David Orr in the New York Times writes of Anterooms that “it would be tempting to say that what we have here is a scanty manuscript that will nonetheless be extravagantly praised because its author is still deeply respected and, hey, isn’t it wonderful that he’s still making a go of it at his age? Tempting, but wrong. The better work in Anterooms, however limited in quantity, is as good as anything Wilbur has ever written, and upholds certain virtues other poets would do well to acknowledge, even if they travel roads different from the relatively straight one Wilbur has followed.” He concludes:

“More than 50 years ago, Randall Jarrell claimed that as a poet, Wilbur ‘never goes too far, but he never goes far enough.’ The observation is invariably quoted whenever Wilbur gets reviewed (far be it from me to break the chain). But to write convincingly about death — and also, as Wilbur has increasingly done, about grief — isn’t a matter of ‘going’ anywhere. It’s a matter of remaining poised in the face of a vast and freezing indifference. And while the strong, spare poems here are unlikely to strike many readers as the illustrious pronouncements of a Grand Old Man — the kind of figure Jarrell had in mind — they are wholly successful in meeting the darkest of subjects with their own quiet light. Which is, surely, a far grander thing.”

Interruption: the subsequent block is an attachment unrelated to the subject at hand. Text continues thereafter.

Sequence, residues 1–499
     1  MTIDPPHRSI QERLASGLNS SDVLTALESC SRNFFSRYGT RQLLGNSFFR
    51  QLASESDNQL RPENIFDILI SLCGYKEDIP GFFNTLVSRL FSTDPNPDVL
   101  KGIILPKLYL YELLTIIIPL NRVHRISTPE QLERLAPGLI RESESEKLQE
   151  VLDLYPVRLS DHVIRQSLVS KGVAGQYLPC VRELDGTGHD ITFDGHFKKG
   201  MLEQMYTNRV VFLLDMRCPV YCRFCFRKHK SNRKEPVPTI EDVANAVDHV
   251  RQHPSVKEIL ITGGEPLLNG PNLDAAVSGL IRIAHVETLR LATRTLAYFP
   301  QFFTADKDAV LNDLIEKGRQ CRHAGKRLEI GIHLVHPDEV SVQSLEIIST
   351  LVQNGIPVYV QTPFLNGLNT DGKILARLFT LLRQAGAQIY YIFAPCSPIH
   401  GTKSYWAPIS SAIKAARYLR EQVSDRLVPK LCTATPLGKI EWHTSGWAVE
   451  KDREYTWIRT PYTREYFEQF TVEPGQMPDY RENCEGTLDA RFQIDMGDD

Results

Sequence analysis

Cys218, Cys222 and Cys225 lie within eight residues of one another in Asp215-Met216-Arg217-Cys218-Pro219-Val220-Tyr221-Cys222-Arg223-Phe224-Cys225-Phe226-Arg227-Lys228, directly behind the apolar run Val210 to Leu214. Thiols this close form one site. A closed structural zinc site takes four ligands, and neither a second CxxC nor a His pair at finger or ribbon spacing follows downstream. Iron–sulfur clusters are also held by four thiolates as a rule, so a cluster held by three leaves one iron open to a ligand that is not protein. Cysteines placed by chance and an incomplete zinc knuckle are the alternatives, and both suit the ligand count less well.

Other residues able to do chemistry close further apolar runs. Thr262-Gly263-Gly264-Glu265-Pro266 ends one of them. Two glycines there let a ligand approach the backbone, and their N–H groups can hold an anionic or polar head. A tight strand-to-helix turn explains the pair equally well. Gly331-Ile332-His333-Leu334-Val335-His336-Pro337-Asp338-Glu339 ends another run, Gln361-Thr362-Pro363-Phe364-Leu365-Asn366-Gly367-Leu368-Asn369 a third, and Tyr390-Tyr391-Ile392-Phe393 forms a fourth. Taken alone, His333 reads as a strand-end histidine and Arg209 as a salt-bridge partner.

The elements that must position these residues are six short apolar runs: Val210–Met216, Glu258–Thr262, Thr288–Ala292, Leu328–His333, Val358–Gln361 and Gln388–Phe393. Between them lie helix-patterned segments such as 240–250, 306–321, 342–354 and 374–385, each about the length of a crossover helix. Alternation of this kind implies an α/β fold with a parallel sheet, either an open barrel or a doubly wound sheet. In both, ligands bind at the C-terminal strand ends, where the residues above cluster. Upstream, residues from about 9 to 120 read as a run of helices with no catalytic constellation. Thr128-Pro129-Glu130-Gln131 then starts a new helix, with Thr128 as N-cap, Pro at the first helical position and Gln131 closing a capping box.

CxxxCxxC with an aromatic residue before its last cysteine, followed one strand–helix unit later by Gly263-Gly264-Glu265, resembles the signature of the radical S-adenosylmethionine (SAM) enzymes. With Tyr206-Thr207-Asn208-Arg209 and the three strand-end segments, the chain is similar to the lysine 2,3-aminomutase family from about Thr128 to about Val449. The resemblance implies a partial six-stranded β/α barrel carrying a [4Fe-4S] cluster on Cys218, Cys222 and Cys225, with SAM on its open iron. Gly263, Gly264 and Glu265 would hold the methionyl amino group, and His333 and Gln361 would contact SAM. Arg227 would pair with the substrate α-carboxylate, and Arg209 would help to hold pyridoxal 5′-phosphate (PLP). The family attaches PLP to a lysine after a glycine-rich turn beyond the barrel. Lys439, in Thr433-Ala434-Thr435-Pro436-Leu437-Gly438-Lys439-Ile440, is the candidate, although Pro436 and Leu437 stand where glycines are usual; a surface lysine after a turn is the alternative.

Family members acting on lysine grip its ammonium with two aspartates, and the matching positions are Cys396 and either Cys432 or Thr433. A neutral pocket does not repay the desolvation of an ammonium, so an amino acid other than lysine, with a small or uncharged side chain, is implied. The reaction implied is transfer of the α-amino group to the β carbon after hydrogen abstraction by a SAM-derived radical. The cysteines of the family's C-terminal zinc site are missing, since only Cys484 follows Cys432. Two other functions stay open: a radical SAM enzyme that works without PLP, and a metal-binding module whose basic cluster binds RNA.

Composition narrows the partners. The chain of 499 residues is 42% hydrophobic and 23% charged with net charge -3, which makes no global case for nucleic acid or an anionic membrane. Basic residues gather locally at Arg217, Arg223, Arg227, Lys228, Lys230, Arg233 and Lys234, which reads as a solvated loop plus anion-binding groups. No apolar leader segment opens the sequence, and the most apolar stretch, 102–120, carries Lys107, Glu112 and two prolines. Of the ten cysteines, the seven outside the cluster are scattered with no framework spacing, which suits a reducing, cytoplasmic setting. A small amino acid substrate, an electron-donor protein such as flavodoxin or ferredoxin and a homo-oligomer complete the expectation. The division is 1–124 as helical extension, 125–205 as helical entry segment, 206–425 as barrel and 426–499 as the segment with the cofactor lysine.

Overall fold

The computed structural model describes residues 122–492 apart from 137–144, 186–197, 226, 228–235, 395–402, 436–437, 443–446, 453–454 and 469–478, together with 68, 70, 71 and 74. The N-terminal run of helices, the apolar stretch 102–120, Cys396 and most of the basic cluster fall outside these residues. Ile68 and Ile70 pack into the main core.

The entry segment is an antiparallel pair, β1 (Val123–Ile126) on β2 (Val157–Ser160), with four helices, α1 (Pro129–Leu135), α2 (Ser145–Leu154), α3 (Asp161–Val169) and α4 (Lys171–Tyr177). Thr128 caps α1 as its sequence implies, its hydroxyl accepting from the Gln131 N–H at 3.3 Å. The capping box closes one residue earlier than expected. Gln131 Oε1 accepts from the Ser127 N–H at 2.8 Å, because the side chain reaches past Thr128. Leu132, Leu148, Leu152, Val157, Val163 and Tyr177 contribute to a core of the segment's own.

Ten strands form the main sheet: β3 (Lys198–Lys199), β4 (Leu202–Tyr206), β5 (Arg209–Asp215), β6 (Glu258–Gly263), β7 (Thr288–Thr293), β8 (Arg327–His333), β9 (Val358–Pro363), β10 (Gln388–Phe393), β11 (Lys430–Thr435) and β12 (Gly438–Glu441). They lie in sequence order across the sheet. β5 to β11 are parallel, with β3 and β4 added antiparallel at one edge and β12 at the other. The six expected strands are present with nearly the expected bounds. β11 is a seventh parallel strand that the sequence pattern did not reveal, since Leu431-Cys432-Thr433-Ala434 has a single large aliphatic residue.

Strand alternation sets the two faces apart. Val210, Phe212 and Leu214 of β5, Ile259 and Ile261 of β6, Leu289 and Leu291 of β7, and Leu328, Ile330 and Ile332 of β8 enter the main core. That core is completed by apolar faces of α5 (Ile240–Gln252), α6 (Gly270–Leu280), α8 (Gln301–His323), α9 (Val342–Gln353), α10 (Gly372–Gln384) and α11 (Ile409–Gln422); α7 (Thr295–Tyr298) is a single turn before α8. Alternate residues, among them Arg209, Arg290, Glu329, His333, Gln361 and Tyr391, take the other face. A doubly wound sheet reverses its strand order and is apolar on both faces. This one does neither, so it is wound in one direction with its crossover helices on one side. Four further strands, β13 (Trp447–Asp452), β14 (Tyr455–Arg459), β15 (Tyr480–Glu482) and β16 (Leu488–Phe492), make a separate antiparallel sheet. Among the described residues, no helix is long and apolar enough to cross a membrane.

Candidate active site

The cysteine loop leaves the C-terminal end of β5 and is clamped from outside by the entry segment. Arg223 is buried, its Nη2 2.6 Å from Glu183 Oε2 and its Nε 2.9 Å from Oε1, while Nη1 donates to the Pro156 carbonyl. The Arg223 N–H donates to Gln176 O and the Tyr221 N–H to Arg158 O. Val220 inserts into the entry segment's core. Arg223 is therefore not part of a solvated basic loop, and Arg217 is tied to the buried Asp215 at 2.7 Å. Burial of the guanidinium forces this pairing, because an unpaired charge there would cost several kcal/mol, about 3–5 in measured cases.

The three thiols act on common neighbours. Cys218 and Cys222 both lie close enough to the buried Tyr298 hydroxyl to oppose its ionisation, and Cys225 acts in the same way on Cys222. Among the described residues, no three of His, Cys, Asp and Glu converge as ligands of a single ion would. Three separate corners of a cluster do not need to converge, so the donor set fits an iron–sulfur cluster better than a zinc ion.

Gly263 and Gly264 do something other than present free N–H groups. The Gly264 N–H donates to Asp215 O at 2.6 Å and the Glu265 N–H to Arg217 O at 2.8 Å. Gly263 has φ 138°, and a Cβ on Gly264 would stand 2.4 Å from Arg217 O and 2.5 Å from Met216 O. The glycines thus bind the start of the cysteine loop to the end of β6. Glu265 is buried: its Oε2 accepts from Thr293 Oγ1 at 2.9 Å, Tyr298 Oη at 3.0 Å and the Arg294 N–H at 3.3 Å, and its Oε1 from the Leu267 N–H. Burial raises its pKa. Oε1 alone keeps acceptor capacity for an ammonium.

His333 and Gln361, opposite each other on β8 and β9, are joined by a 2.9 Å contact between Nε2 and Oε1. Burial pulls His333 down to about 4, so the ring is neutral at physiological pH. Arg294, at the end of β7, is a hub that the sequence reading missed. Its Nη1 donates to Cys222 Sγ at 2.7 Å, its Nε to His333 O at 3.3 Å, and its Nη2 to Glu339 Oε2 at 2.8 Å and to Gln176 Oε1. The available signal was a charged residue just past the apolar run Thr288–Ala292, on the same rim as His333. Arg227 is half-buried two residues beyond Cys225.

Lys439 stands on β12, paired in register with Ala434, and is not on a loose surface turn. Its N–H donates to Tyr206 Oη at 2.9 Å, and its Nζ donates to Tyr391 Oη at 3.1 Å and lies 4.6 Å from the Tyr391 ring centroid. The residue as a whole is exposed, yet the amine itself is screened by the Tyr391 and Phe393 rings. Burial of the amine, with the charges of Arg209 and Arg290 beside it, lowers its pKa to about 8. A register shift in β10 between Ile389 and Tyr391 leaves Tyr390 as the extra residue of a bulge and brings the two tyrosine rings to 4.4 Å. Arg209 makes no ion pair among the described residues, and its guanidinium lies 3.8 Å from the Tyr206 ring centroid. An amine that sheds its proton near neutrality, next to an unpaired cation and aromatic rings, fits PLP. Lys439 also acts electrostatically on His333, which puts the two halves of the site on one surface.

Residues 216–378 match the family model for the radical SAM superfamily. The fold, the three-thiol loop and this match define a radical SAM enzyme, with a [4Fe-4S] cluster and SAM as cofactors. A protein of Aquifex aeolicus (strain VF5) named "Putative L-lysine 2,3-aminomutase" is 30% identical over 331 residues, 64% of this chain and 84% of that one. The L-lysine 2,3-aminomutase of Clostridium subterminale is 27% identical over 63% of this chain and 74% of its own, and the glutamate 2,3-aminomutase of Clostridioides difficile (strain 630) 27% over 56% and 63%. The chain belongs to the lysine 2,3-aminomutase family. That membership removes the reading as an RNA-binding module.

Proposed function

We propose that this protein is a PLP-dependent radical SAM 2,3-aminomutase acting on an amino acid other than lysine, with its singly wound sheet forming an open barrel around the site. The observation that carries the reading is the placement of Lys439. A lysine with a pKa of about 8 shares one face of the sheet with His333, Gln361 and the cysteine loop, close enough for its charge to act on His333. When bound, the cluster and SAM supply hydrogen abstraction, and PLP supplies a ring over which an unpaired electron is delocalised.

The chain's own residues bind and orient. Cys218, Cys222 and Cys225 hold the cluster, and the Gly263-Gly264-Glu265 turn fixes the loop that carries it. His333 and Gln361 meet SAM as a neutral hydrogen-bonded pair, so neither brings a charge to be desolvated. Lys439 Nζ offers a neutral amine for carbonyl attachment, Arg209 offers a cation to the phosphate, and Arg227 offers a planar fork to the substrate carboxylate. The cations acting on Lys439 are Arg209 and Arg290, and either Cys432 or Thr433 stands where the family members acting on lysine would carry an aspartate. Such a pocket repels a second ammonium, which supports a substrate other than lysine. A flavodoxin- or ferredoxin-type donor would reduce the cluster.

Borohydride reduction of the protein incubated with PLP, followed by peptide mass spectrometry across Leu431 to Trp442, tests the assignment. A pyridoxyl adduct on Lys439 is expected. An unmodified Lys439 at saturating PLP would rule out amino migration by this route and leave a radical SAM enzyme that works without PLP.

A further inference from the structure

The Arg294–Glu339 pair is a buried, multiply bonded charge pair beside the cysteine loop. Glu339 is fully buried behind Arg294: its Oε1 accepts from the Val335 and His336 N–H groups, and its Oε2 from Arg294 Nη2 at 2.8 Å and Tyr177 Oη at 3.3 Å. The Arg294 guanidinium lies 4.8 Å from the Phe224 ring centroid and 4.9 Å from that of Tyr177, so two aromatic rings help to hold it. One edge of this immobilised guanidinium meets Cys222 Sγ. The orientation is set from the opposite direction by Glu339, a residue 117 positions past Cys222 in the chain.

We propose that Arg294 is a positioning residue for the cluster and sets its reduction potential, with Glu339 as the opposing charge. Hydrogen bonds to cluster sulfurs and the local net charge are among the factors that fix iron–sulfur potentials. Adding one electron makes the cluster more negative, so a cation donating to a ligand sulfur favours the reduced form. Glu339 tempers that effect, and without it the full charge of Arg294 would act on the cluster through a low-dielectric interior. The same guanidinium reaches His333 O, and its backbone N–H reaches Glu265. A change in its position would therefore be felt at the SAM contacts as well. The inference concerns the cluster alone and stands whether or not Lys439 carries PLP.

Anterooms includes some of two translations of poems by Joseph Brodsky (I still think his translations of J.B. are the best) one poem by Stéphane Mallarmé and an unpublished poem by Paul Verlaine.  Wilbur has always had a affinity for French (his verse translations of Molière are unmatched) — and so was the perfect lyricist for Leonard Bernstein‘s Candide, in the spirit of Voltaire. Composer Stephen Sondheim called Wilbur’s lyrics “the most scintillating set of songs yet written for the musical theater.”  I still occasionally find myself, on a sunny day, humming —

What a day! What a day!
For an auto-da-fé!

See the Lincoln Center’s 1986 version below (or for a real treat, check out Kristin Chenoweth in Candide on youtube).

Postscript: Patrick Kurp at Anecdotal Evidence celebrates the birthday here.